Almost Famous is a dream come true. Directed by Cameron Crowe, this film is the 2000’s take on the 1970’s coming of age story of William Miller, aspiring rock journalist. William is talented, honest, and intelligent. But here’s the twist. He’s a floppy haired 15-year-old with holes in his tennis shoes. William becomes wrapped up in a fantasy-come-to-life when he lands a job with Rolling Stone Magazine to accompany fictitious rock band Stillwater on their cross country bus tour. The overarching quality of this film is the idea of being “almost there.” William Miller is almost old enough to be honest about his age without embarrassment in the crowd he runs with. Penny Lane continues to pursue her almost relationship with Russell Hammond, the (married) lead singer of Stillwater, the band almost famous enough to be on the cover of Rolling Stone Magazine. The film in itself is almost realistic enough to be credible, but still remains a rock and roll fairytale in the viewers’ eyes.
The movie values bravery and mild rebellion in the name of fun. It also values intellect and loyalty, two ideals that define the character of William Miller, played by Patrick Fugit, who is the protagonist of this happy go lucky fairytale that still remains a favorite, feel good film after ten years.
The plot of Almost Famous is centered around young William’s adventure on the road way from his home of San Diego, with Russell (played by Billy Crudup), and the rest of Stillwater’s hard-headed crew. Accompanying them is the unforgettable fur-coat wearing, quaalude-overdosing “band aid” Penny Lane (Kate Hudson) who becomes the apple of William’s eye. Penny is only 16, and differentiates herself from a groupie in that, “Groupies sleep with rockstars because they want to be near someone famous. We are here because of the music, we inspire the music,” she most unconvincingly explains to William. Penny is a ‘70s fashion statement in herself, with her large rings and wavy carefree blonde hair. The costume design in the film is another example of the realness of the characters.
Penny Lane is a costume choice made by Crowe to show how young, misguided women imitate what they believe a groupie should be like. Penny wears a heavy faux-fur coat, purple spectacles, and chases Russell, claiming she is not in love and that she is here only for the music. Although she aims to be seen as nonchalant and independent, her youth and realness as a young woman comes through time and time again, as she loses Russell and when William discovers her real name, “Lady Goodman.”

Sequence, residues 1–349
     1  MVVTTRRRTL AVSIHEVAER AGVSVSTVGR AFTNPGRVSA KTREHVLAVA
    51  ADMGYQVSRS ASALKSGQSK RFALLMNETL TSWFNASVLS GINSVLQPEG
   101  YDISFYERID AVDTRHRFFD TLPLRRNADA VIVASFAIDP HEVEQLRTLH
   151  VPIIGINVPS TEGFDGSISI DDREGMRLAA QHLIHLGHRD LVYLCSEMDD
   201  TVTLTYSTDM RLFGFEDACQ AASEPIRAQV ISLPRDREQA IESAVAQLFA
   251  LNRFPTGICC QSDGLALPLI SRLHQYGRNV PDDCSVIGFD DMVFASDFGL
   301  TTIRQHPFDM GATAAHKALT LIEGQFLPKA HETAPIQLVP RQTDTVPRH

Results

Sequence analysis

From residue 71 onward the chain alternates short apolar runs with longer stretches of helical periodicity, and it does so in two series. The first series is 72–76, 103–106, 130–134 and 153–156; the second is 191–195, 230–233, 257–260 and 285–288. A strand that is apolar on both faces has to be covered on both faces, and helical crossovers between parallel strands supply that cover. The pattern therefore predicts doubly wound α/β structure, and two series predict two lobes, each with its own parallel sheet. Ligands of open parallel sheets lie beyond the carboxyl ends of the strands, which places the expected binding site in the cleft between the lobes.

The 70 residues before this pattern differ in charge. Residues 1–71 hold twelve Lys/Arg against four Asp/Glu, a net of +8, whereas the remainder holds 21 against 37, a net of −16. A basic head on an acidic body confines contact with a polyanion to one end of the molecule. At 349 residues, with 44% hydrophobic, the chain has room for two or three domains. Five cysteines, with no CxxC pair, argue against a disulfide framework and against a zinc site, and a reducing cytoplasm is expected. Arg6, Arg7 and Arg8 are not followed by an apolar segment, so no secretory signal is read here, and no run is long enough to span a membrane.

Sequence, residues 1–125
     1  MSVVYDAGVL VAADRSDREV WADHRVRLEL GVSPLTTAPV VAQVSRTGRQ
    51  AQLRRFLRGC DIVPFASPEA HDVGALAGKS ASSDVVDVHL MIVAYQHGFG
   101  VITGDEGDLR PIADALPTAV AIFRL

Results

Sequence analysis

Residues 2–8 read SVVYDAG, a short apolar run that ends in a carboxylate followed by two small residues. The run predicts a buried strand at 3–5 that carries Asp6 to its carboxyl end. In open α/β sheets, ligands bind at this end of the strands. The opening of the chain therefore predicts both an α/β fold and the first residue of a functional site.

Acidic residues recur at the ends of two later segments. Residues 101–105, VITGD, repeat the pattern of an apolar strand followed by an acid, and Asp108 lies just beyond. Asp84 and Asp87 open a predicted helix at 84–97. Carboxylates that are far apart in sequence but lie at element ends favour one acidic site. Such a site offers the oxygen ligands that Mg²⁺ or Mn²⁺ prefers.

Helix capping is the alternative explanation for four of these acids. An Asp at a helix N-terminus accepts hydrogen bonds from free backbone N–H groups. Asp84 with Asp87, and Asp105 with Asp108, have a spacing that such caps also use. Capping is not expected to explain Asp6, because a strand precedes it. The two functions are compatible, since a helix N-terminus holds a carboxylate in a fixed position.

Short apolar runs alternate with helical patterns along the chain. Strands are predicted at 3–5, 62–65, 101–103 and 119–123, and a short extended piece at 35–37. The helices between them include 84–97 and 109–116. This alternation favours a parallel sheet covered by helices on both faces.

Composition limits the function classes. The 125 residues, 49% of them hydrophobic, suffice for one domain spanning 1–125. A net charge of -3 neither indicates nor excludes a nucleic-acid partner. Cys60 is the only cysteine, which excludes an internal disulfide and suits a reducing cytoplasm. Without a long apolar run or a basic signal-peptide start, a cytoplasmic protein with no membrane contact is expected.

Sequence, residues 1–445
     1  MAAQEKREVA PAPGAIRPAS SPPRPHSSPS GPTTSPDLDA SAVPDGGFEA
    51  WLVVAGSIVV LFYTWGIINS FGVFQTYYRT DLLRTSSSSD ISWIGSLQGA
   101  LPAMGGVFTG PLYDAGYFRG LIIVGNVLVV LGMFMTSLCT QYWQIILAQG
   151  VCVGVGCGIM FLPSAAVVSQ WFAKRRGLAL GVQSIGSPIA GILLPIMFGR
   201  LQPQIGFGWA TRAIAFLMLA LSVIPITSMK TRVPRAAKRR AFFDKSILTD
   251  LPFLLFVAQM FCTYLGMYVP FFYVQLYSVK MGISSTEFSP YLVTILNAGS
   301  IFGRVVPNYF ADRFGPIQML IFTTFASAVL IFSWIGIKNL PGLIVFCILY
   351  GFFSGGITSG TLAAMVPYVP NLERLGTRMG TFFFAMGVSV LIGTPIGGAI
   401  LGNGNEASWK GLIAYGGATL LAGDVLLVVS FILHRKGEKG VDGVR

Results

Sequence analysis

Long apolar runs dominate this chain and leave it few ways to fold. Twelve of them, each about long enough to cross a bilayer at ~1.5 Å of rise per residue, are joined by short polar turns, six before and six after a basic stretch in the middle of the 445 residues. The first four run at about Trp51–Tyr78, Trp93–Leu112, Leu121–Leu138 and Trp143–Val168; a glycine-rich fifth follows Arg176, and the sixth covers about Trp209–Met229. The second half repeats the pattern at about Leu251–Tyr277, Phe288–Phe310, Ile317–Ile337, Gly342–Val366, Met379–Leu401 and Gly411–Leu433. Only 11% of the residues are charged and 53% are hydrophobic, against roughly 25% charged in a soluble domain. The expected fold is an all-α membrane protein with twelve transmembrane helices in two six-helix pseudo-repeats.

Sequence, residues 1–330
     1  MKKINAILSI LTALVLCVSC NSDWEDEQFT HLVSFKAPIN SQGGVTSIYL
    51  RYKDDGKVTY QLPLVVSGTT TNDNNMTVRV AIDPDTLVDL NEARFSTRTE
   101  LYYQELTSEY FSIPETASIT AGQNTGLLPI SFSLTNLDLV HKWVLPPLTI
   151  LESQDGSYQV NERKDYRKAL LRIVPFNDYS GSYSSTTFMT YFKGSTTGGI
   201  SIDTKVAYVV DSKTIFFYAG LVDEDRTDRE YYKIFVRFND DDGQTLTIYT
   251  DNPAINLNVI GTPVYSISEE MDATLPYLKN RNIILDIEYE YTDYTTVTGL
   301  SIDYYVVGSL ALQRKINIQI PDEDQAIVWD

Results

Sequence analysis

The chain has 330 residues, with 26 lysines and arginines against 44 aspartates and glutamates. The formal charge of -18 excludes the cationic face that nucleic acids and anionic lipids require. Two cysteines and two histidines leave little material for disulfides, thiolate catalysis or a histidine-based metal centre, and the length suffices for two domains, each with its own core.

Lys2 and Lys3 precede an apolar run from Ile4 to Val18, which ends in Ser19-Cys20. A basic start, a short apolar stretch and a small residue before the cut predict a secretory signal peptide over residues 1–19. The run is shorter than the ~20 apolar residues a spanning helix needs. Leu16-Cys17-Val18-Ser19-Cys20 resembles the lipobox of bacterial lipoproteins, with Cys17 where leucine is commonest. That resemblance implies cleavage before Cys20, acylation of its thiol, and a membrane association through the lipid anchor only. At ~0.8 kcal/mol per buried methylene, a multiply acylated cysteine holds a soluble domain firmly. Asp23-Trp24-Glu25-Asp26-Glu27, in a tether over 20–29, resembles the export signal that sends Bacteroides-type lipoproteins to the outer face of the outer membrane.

Character choice in Almost Famous is what brings the film so close to the heart. Lester Bangs, played by Philip Seymour Hoffman is the almost too realistic, pot smoking, cursing, devilish-angel on William’s shoulder who guides him through the entertainment journalism industry, advising him to stay away from Hollywood because he is too innocent and pure. The conflict between the band members, and William’s mother’s concern for her son are other examples of real human emotion that shine through in this film.
According to IMBd, the music budget for Almost Famous was $3.5 million (whereas the music budget of most films are less than $1.5 million). Boy does it show. The film starts out with Simon & Garfunkel’s “America,” the first of 50 other featured songs that contribute to the flower child compilation that is the soundtrack. The best music-related scene is when Stillwater and company are on the bus after a particularly heated argument, and Elton John’s “Tiny Dancer” comes on the radio. Scowls turn into laughter as the band one by one joins in, belting the lyrics to this classic. Once again, we are reminded of how music is a powerful, unifying force that brings us together.
Almost Famous is a small, sugarcoated distortion of what the real world of music touring is really like. Ask Nikki Sixx, notorious bassist of Motley Crue what the worst that’s ever happened on a U.S. tour. I bet he wouldn’t reply with, “I took acid at a high school kids’ party, yelled ‘I am a golden God,’ and leapt from a rooftop and landed safely and unharmed in a swimming pool,” like Russell Hammond does in Almost Famous in an attempt to exemplify the hard and fast partying lifestyle of a rock lead singer.
Regardless, Almost Famous is essentially about following your heart and never letting go of your passions, no matter how absurd they may seem. And that is something very real.